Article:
Caring for patients, fulfilling a singularly privileged role in the lives of others, this vital work offers the physician day-to-day rewards that are unmatched in any other occupation. But it is also an occupation in which goals and daily professional activity may become snarled in an onrush of operational, financial, and regulatory demands. Too often, stress among physicians is left dangerously unmanaged.

Vocational burnout is taking an excessive toll in the lives and performance of doctors. The special demands placed on physicians, combined with the personality traits favored by the profession, too often lead to unsupportable levels of emotional exhaustion, poor interpersonal engagement with patients and colleagues, and a missing sense of achievement. The Maslach Burnout Inventory, the favored tool for epidemiological analysis of vocational burnout, measures self-reported levels of emotional exhaustion, depersonalization, and perceived lack of achievement.

Fortunately, a wealth of inquiry into the working lives of physicians has helped to identify causes of burnout and point the way to treatment and prevention. As surveys have found growing discontent and eroding work satisfaction among physicians, awareness of the risk of physician burnout has also begun to grow.

The seeds of burnout may be sown even before careers begin: If one were to design an occupation to exert maximum burnout, it would serve well to mix learning and instruction with just the sort of fatigue and emotional exhaustion that traditionally shadow the medical student and resident. By mid career, many physicians have built on this early foundation, missing few opportunities for overwork and self-denial.

It appears that the biggest contributors to physician burnout are sheer workload and perceived loss of control over the work environment. Burnout is significantly more common among physicians in mid career than among those who are older, and female physicians have a somewhat higher incidence of burnout than males.

A measure of compulsiveness may help young doctors to learn and perform their work, but too often this personality trait blooms into self-doubt, guilt, and an exaggerated sense of responsibility. Beset with chronic feelings of not doing enough, some physicians have difficulty setting limits at work. Healthy self-interest becomes confused with selfishness, and guilt begins to interfere with pleasure.

We are surrounded by sources for renewal both at home and at work, but we must seek out those experiences.

Doctors in these straits may become oblivious to their own physical and emotional needs as well as those of their families. Burnout can play out in deterioration of values, dignity, spirit, and will, and is associated with poor job performance and with health problems ranging from headaches and fatigue to hypertension, anxiety, depression, substance abuse, and heart attacks.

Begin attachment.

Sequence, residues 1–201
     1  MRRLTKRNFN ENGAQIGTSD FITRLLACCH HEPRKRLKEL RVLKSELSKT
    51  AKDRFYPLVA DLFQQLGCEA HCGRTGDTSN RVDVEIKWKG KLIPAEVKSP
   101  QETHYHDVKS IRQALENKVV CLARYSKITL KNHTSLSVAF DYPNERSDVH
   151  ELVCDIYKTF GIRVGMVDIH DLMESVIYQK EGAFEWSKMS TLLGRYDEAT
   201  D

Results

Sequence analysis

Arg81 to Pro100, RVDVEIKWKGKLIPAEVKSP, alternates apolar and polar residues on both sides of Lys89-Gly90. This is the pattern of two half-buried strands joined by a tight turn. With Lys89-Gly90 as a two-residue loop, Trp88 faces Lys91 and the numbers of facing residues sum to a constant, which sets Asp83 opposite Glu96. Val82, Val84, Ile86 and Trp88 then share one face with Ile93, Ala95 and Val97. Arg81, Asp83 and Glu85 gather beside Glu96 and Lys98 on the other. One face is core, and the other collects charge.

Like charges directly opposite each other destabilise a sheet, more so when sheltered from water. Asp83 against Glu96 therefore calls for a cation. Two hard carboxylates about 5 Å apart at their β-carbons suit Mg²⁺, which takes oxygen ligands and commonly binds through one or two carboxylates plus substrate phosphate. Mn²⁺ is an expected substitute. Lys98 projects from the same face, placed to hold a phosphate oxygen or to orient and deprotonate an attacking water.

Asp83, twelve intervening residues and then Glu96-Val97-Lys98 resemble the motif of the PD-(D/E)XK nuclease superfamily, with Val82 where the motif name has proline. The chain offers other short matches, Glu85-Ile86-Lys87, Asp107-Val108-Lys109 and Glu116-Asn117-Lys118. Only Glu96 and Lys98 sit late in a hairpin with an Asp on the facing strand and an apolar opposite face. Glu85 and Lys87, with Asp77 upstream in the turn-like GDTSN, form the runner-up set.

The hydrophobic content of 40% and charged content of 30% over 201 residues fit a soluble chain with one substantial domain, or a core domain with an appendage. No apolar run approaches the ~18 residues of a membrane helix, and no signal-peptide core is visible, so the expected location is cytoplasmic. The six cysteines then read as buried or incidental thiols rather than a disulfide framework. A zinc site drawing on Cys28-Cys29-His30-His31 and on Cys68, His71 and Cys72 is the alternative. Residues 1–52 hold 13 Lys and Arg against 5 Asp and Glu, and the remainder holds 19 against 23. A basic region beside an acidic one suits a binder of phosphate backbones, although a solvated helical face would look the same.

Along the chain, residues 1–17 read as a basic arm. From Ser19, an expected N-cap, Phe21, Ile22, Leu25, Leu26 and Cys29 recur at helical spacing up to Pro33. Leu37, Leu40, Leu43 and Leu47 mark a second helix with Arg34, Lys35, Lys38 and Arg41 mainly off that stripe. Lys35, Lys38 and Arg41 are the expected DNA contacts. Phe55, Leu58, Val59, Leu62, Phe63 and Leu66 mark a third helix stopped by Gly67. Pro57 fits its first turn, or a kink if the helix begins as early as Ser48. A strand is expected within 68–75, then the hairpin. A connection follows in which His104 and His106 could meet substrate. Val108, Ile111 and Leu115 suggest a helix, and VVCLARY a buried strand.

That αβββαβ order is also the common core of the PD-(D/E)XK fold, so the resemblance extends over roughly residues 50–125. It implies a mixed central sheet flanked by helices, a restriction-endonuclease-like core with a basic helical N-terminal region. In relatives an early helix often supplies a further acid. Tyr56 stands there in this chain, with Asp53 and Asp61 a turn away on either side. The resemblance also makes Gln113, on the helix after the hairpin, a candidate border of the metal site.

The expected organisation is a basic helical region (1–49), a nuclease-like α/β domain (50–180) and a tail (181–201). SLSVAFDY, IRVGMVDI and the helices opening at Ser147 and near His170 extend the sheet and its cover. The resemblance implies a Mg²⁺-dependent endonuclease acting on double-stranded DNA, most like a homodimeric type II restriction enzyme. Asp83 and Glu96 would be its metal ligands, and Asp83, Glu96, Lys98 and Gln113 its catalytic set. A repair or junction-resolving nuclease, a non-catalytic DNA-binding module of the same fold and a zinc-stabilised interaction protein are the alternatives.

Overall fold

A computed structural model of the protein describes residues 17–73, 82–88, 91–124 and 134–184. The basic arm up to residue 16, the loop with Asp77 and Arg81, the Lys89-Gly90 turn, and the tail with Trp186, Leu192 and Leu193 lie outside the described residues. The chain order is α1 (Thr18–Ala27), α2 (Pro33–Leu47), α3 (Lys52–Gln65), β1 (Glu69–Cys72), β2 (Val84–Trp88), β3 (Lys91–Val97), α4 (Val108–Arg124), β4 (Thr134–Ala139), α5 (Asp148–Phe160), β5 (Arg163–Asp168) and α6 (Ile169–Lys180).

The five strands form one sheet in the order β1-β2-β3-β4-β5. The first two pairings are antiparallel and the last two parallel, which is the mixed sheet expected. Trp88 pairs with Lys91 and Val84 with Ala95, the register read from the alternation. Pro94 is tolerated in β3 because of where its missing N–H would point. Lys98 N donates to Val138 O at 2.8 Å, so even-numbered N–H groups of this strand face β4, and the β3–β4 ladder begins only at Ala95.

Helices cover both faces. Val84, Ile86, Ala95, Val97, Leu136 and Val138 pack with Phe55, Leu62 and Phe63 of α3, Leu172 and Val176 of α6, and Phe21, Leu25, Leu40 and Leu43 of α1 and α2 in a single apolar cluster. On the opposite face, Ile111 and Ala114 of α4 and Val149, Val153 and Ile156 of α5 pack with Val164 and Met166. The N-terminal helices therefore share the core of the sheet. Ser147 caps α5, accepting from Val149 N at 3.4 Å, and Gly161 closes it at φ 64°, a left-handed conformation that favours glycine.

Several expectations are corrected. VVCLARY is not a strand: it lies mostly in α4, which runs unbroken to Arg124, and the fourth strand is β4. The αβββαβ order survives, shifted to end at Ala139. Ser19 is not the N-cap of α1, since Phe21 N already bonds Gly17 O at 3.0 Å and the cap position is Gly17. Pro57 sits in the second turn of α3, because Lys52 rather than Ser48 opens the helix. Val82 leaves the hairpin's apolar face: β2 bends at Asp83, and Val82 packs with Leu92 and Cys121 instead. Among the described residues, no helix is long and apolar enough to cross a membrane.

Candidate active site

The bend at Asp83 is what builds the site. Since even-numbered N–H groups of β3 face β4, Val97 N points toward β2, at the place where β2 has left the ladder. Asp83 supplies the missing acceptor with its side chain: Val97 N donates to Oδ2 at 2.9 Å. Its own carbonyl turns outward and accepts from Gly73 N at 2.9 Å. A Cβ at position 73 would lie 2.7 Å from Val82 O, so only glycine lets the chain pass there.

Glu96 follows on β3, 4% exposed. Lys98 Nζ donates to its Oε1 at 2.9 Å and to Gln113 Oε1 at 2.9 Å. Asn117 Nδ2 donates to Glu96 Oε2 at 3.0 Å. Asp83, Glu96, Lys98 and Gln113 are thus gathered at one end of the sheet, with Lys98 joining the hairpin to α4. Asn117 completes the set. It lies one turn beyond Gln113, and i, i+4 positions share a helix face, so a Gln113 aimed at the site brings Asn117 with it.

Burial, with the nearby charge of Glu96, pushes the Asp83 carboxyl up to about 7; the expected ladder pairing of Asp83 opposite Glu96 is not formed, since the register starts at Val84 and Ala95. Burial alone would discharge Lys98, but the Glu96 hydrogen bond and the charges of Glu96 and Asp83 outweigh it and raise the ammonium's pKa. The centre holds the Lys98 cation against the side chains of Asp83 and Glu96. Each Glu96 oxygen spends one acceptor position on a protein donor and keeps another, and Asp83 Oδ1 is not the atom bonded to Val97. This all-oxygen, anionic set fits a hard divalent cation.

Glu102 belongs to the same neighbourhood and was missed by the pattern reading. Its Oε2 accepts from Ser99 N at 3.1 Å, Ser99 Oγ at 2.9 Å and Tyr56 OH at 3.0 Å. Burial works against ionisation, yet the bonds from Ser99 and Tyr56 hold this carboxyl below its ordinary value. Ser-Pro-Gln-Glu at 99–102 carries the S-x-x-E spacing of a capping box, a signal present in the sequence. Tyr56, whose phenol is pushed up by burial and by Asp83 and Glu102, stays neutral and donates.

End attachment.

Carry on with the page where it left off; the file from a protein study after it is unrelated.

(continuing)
Health care organizations have a vital stake in preventing physician burnout. Physician well-being is associated with productivity, retention, patient satisfaction, and patient safety. Amid the changing health care environment, organizations should strive to continue to accommodate physicians’ values and choices in the workplace. Physicians should have a hand in work design and practice management. A physician health committee should review corporate decisions and contracts for their impact on physicians.

The general principle of burnout prevention is straightforward: Whatever promotes physical, emotional, psychological, or spiritual well-being helps to prevent burnout. Measures to prevent physician burnout derive ultimately from the effective application of this general principle to the personal and professional lives of physicians.

Organizations should give doctors support to balance work with personal life, including flexible scheduling for family events and leaves of absence for professional growth and travel. They should consider sponsoring physician mentoring programs, confidential support groups, sabbatical programs, fitness center memberships, continuing medical education, and annual retreats focusing on physician well-being.

Physicians should set limits at work and protect time spent with family and friends. If the workload gets out of hand, they need to consider ways to reduce it. We are surrounded by sources for renewal both at home and at work, but we must seek out these experiences. It helps to pursue a positive outlook and positive relations with others. Maintaining strong relationships with one’s spouse, partner, and/or friends and colleagues is key to withstanding occupational stress. Doctors should have a personal physician and pay attention to their nutrition and exercise.

We should not lose sight of the meaning of our work. If physicians are to continue to aid others, they must learn to guard against vocational burnout. Preventive strategies should begin on the first day of medical school and continue throughout one’s career. To succeed as physicians, we must learn first to care for ourselves.

Steven G. Gabbe, MD, is dean, Vanderbilt University School of Medicine, Nashville, Tenn. This article originally appeared in the March 2003 edition of the AAMC Reporter, published by the Association of American Medical Colleges, Washington, DC